• Cancer Genome Atlas Research Network
      Integrated genomic and molecular characterization of cervical cancer.
      ], and their impact on outcomes from completed immunotherapy studies may also provide further clues to relevant predictive biomarkers.

      How will histology affect immunotherapy treatment for cervical cancer?

      Because HPV infection and malignant transformation of the cervix occur in the transformation zone, which is predominately composed of squamous epithelium, SCC histology comprises about 70% of cervical cancers. Adenocarcinoma, including adenosquamous (ASC) types, is the next most common histologic type, representing ∼ 20% of cervical cancers. Nonsquamous tumors are more likely to be PD-L1 negative [
      • Heeren A.M.
      • Punt S.
      • Bleeker M.CG.
      • Gaarenstroom K.N.
      • van der Velden J.
      • Kenter G.G.
      • et al.
      Prognostic effect of different PD-L1 expression patterns in squamous cell carcinoma and adenocarcinoma of the cervix.
      ]. Some studies analyzing all stages of cervical cancer find AC histology is a statistically significant negative prognostic factor for survival compared with SCC [
      • Lee J.Y.
      • Kim Y.T.
      • Kim S.
      • Lee B.
      • Lim M.C.
      • Kim J.W.
      • et al.
      Prognosis of cervical cancer in the era of concurrent chemoradiation from national database in Korea: a comparison between squamous cell carcinoma and adenocarcinoma.
      ,
      • Pan X.
      • Yang W.
      • Wen Z.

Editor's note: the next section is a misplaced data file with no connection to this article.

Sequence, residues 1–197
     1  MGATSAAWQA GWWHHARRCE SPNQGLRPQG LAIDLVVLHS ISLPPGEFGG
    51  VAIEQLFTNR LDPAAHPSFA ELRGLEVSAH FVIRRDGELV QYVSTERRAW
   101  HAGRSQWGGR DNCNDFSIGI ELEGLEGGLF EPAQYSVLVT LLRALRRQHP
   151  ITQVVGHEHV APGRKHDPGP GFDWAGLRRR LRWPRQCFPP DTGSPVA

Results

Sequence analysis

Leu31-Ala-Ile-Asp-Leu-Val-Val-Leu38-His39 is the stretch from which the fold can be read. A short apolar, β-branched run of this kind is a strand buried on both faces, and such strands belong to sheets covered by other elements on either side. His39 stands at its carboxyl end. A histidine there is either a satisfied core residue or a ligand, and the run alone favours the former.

• Li F.
      • Tong L.
      • Tang W.
      Does adenocarcinoma have a worse prognosis than squamous cell carcinoma in patients with cervical cancer? A real-world study with a propensity score matching analysis.
      ]; however, studies of patients with LACC or r/mCC did not find a significant difference in survival between AC/ASC and SCC [
      • Tian T.
      • Gong X.
      • Gao X.
      • Li Y.
      • Ju W.
      • Ai Y.
      Comparison of survival outcomes of locally advanced cervical cancer by histopathological types in the surveillance, epidemiology, and end results (SEER) database: a propensity score matching study.
      ,
      • Seamon L.G.
      • Java J.J.
      • Monk B.J.
      • Penson R.T.
      • Brown J.
      • Mannel R.S.
      • et al.
      Impact of tumour histology on survival in advanced cervical carcinoma: an NRG Oncology/Gynaecologic Oncology Group Study.
      ]. The HR for OS was 1.02 (P = 0.69) in a propensity-matched analysis of patients diagnosed with LACC from the SEER database 2010–2015 [
      • Tian T.
      • Gong X.
      • Gao X.
      • Li Y.
      • Ju W.
      • Ai Y.
      Comparison of survival outcomes of locally advanced cervical cancer by histopathological types in the surveillance, epidemiology, and end results (SEER) database: a propensity score matching study.
      ], and the HR for death was 1.13 (P = 0.23) in patients with r/mCC treated with chemotherapy doublets from pooled Gynecologic Oncology Group phase III studies [
      • Seamon L.G.
      • Java J.J.
      • Monk B.J.
      • Penson R.T.
      • Brown J.
      • Mannel R.S.
      • et al.
      Impact of tumour histology on survival in advanced cervical carcinoma: an NRG Oncology/Gynaecologic Oncology Group Study.
      ].
      Many of the immunotherapy trials discussed in this review allow for inclusion of patients with SCC, AC, and ASC histologic types. In EMPOWER-Cervical 1, median OS was 11.1 months with cemiplimab monotherapy versus 8.8 months with chemotherapy (HR, 0.73; P = 0.006) in patients with previously treated r/mSCC, and 13.3 versus 7.0 months in those with AC (HR, 0.56; P-value not given) [